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WhistlePig opens ‘grain to glass’ farm distillery

Rye whiskey brand WhistlePig has converted a 100-year-old barn in Vermont into a new single estate distillery – marking the first time the company has distilled its own product.

WhistlePig rye has opened its first distillery

WhistlePig will now conduct all stages of its whiskey-making on the premises of its farm distillery, including growing and harvesting its own rye, distilling, ageing and bottling. Oak used to create the barrels will also be sourced from trees grown on the site.

Previously, the company sourced its liquid from a Canadian distillery, which it then matured and bottled at its premises in Shoreham, Vermont.

WhistlePig has spent the past five years transforming the site into a grain-to-glass distillery.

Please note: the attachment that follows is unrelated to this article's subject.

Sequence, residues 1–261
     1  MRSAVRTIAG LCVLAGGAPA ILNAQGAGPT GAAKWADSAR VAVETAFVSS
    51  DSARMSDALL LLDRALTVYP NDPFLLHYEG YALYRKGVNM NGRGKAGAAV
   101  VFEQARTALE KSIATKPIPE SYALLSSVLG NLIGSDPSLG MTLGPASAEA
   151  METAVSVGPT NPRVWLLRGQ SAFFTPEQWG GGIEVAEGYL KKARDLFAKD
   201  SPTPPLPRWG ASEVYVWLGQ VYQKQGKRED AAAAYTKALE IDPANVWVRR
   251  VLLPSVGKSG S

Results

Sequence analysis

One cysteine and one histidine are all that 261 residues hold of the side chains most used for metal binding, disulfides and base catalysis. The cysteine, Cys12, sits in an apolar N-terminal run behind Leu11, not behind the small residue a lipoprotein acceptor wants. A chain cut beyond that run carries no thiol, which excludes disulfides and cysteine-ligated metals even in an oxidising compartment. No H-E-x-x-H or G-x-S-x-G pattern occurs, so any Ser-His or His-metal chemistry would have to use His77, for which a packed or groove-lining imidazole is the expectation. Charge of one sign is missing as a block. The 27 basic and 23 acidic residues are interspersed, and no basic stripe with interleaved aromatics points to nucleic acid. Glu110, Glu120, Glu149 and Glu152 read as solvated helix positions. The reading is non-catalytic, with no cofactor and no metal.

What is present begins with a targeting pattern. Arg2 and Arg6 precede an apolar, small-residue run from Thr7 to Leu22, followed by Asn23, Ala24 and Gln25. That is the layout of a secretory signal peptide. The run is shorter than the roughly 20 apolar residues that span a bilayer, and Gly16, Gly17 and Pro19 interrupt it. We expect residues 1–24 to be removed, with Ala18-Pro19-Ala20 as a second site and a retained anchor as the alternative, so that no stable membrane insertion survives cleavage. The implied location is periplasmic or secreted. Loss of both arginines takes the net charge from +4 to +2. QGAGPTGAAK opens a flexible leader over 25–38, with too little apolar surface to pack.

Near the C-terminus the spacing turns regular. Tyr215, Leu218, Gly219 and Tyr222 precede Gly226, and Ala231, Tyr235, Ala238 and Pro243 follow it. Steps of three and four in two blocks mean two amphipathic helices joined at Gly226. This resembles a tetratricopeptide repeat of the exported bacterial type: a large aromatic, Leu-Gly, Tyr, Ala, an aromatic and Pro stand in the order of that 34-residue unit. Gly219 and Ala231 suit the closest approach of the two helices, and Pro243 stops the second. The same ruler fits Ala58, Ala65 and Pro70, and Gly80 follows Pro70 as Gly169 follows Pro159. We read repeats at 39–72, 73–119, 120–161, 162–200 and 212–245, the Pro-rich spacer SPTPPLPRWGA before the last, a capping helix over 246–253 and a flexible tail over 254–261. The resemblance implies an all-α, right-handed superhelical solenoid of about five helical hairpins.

“WhistlePig is committed to bringing the world unparalleled rye whiskeys, and with our distillery up and running, we’ll be a truly rare grain-to-glass operation,” said WhistlePig founder and CEO Raj Peter Bhakta.

“We’re restoring rye, America’s original spirit, as our country’s signature drink, and we’re doing it in Vermont, a home to rye production since colonial days.”

WhistlePig said the distillery places it at the “forefront of sustainable agriculture” since rye needs “very little fertilisation” and rye crops are recycled as pig feed.

“The grain-to-glass whiskey production process requires closer attention to both the cultivation of the crop and the distillation of the spirit than is common in whiskey companies, and enables maximum quality control,” the firm said.

Its master distiller, Dave Pickerell, added: “The on-site distillery opens doors to new opportunities for WhistlePig. The new distillery will enable us to continue perfecting our world-class rye whiskey.”

Earlier this year, WhistlePig released three wine barrel-finished rye whiskeys as part of its Old World series.

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